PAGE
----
Emma#FreeWillsMonth
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We are going batty for bats this October!

In winter, bats go into a hibernation-like state and this is called torpor. Their metabolic rate slows and their body temperature lowers which means they will use less energy. They can survive on the fat they have stored while their insect food source is unavailable in the cold months. Pipistrelles are the most common British bats, weighing around 5 grams (same as a 20p piece) and a single pipistrelle can eat 3,000 tiny insects in just one night!

During hibernation, bats need roosts that are cool and remain at a constant temperature and sometimes they may even find suitable hibernation spots underground such as in caves.

October is when they start to prepare for hibernation however first, more mating takes place (this also happens in September). They build up their fat reserves which is crucial to survive the winter. They also start looking for suitable hibernation sites (Pipistrelles are the most likely to roost in buildings).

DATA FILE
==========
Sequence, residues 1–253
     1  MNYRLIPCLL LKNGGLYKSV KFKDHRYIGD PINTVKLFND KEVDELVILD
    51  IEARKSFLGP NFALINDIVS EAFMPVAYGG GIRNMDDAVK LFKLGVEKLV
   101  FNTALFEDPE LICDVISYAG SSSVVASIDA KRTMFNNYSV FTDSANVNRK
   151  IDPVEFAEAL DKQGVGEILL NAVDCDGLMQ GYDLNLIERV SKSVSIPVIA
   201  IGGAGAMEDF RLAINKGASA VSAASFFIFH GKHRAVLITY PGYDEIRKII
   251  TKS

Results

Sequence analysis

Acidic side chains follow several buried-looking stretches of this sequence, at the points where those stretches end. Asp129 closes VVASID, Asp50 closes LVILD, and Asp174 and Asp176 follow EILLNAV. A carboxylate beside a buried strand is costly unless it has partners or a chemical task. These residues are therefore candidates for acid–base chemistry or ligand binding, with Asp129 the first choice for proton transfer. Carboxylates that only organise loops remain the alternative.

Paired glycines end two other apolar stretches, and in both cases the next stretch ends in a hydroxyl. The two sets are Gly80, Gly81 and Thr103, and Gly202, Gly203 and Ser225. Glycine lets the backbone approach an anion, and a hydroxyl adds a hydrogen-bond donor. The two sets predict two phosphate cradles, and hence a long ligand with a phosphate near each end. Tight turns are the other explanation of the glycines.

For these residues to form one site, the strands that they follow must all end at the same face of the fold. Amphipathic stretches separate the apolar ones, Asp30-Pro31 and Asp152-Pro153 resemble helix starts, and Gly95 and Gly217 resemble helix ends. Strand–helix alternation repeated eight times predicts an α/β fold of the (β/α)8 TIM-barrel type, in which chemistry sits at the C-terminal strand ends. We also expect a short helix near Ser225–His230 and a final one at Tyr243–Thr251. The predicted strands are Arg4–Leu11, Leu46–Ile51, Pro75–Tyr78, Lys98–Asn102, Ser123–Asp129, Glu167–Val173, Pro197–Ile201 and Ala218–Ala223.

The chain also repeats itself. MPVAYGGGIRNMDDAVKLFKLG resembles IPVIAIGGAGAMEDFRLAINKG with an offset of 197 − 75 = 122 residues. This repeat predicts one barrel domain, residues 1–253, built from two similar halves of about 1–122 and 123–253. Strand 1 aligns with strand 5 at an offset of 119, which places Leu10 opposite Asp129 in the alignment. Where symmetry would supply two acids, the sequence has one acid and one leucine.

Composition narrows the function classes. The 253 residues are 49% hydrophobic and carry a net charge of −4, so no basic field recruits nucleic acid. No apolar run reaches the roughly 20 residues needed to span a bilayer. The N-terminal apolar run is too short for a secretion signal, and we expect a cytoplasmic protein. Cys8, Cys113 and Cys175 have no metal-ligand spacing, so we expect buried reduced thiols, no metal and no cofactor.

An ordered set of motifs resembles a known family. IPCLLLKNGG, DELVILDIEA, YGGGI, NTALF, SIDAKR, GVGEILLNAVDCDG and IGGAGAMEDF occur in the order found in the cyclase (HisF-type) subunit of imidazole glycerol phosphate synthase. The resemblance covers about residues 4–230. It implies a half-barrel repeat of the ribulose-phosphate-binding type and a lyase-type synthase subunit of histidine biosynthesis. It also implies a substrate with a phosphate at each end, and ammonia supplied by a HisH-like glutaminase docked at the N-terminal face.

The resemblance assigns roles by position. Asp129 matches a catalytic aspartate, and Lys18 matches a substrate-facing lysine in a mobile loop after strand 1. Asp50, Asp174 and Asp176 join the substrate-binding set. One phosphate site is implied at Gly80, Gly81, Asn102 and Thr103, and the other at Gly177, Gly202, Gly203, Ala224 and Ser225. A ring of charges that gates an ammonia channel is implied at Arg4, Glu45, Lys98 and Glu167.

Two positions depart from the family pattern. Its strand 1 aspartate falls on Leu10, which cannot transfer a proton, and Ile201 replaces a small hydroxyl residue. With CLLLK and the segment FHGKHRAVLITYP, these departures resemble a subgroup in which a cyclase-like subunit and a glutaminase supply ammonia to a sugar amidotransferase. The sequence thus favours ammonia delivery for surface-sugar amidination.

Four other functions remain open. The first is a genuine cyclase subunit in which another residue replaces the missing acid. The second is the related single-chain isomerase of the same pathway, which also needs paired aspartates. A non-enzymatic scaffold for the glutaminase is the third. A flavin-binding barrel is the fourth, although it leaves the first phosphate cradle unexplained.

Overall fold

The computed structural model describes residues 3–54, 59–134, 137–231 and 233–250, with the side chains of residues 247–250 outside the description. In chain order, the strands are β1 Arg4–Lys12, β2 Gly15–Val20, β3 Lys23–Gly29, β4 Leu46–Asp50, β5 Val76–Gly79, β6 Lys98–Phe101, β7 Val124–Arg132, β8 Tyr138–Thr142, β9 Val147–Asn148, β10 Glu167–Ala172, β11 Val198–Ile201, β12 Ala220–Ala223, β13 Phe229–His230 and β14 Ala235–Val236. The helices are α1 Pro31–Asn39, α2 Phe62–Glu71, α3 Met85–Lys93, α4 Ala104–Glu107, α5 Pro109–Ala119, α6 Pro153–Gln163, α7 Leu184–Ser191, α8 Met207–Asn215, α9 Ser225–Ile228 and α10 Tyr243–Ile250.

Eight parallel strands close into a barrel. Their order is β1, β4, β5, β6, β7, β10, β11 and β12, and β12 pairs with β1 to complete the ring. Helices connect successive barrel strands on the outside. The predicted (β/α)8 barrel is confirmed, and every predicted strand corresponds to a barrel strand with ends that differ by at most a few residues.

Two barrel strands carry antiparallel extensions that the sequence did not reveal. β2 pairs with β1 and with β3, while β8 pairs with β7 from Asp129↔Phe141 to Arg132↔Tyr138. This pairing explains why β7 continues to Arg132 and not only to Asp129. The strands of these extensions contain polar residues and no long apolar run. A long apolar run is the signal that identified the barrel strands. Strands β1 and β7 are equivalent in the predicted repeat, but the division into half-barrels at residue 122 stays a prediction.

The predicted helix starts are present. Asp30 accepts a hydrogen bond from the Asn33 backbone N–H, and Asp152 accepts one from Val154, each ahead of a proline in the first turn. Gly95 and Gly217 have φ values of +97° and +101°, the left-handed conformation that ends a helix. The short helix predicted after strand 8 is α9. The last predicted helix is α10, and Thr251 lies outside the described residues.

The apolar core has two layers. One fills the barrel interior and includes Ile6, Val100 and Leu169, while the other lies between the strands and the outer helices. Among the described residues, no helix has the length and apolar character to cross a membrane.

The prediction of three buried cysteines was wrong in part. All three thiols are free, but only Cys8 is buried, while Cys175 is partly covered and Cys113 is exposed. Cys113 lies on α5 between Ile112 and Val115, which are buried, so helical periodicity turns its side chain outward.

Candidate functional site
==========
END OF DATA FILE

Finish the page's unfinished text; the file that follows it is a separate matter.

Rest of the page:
The National RSPCA rehabilitate

around 250 bats each year!

The National RSPCA have cared for more than 15 bat species, including some less common ones, such as barbastelle, grey long-eared, lesser horseshoe and serotine

  • There are over 1,400 species of bats worldwide. Bats can be found on nearly every part of the planet except in extreme deserts and polar regions.
  • Baby bats are called ‘Pups’.
  • All UK bat species use echolocation to navigate and hunt for insects in the dark.
  • Bats are the only true flying mammals in the world.
  • A tiny pipistrelle can eat up to 3,000 insects in a night.
  • Things we get from bat-adapted plants include dates, vanilla, bananas, breadfruit, guavas, Iroko timber, balsa wood, sisal, Tequila and chewing gum!
  • Bats are more closely related to humans than they are to mice.
  • The majority of the world’s bats eat insects – just like British bats. In the tropics bats also eat foods like fruit, flowers, frogs, fish, blood, even other bats.
  • Bats usually only have one baby a year and can live for up to 30 years.

Baby bats (pups)